Gholdy Muhammad honored for teaching how to search for joy in classroom lessons
Dr. Muhammad, an associate professor in Curriculum and Instruction, is the NCTE 2021 Outstanding Educator in English Language Arts
Even as a young child in Gary, Indiana, University of Illinois Chicago alumna Gholnecsar “Gholdy” Muhammad knew she wanted to be a teacher and would gather other children and her older brother before her in a make-believe classroom and begin teaching.
“I have always wanted to be a teacher, ever since I can remember, from playing school with my older brother to writing curricula — I didn’t call it curricula then but when I was a child I would create learning experiences for all of the other kids in the neighborhood,” Muhammad said. “That’s what I do now. I write curricula — I write experiences and stories to tell and to teach.”
Muhammad returned to UIC this fall as an associate professor of literacy, language and culture in the College of Education, where she earned her doctorate in literacy, language and culture in 2013. Prior to joining UIC, she was a professor at Georgia State University, where she helped set up a program to train teachers in South Africa.
Recently she was the recipient of the 2021 Outstanding Educator in English Language Arts Award from the National Council of Teachers of English.
She was honored for her nearly 20 years in the educational field, which includes serving as a middle school language arts and social studies teacher in southern Illinois, where she coached teachers and served as a literacy curriculum specialist. Later she served as a school board president in another state.
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As a UIC student, Muhammad founded a summer writing institute called Black Girls W.R.I.T.E. to give young Black girls a space to “read, think and write about racial and other social injustices.” It was also a space to write about Black girl beauty and joy, she said. The idea came to her as she finished the first year of her doctoral program at UIC.
She is the author of the bestselling book “Cultivating Genius: An Equity Model for Culturally and Historically Responsive Literacy,” published in 2020.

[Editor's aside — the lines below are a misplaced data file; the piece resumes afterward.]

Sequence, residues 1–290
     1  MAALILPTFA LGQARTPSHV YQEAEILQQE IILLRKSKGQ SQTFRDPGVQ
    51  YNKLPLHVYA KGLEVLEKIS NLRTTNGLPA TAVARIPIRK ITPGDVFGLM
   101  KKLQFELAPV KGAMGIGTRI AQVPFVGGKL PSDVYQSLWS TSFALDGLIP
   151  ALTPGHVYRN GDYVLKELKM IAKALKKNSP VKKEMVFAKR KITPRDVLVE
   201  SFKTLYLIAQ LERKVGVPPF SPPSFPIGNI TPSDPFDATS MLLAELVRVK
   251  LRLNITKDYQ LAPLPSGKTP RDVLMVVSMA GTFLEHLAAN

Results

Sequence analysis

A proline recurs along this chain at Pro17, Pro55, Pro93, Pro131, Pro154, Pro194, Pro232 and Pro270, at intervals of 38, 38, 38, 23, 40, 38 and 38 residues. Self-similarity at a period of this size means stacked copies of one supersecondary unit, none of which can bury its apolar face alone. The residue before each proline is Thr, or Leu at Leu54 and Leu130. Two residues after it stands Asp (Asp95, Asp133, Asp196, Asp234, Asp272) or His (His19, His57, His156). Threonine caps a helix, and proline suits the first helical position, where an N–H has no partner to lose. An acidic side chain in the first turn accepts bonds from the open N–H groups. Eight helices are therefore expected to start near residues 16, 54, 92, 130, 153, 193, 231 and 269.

Among her topics of interest is giving a historical context to how education is shared and the role that literacy plays. She pointed to examples in curricula and textbooks that haven’t moved out of the 1800s.
“The biggest problem to me in education is that there is a lack of culturally responsive education and a lack of rigor,” Muhammad said. “We mostly teach skills that are decontextualized to the world and children’s lives and we were doing that in the 1800s. We’re not giving students all of what they need and deserve.”
Her book and research have shown her that while often educators are so focused on preparing students for tests, they are not preparing the students for “life, wellness and joy.”
From this research, she developed the HILL model to respond to students’ “Histories, Identities, Literacies and Liberation.”
As part of this idea, she developed five pursuits for learning: Identity development, Skill development, Intellectualism, Criticality and Joy:
- Identity development relates to helping students develop a firm grasp of who they are so that they can learn about others outside of themselves.
- Skill development emphasizes mastery of skills so that they can be translatable to other topics.
- Intellectualism is being able to take content and translate them into concepts that apply to life.
- Criticality asks: How is my instruction helping students to name, interrogate and disrupt inequities, justice, power, pain, marginalization, exploitation and misrepresentation against myself and others?
- Joy asks: How am I elevating beauty and humanity?
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Most recently, her model has been supported by artists, including musician Pharrell Williams, who has adopted it for his new school, and textile artist Bisa Butler, whose exhibit is currently at the Art Institute of Chicago, as well as others.
She is also working to integrate the curricula at Waubonsie Valley High School, her alma mater. While working with teachers at her former school, she learned that many of the learning practices they were using had not progressed since she left the school more than two decades ago.
“We had to have very hard conversations about how not to have another 20 years doing the same things that are not helping children,” Muhammad said.
She commends the district for realizing it was time to update itself and remembered when, as she was a child, her family moved from Gary to the Chicago suburbs. She left a school where she felt warmth and connections with others.
“When I moved to the suburbs, I didn’t have that. I didn’t see a teacher who looked like me. I didn’t see a teacher who helped me to learn, ‘who I am,’” she said.
She credits her teachers in Gary’s Banneker Elementary School for instilling a love of learning and a love for herself. She emphasizes in her writing and teaching how a single teacher who can instill a sense of self and self-love can play a dramatic role in people’s lives. She said the aim of her work is to get teachers and curricula to understand the important roles they play.
“I would look at my teachers and I wanted to do that. The teachers were my stars,” she said. “It just felt like this is what I was supposed to do.”
She had a similar feeling when she looked at how UIC played a pivotal role in her life. She said returning to Chicago, where her family still lives and returning to the university itself, seemed a natural progression for her.
“I’ve always felt like I’m supposed to be back at UIC because I’ve always felt that this is home,” Muhammad said. “I loved the type of education I received, the faculty and the department at UIC in the College of Education. I’m happy to be a part of that.”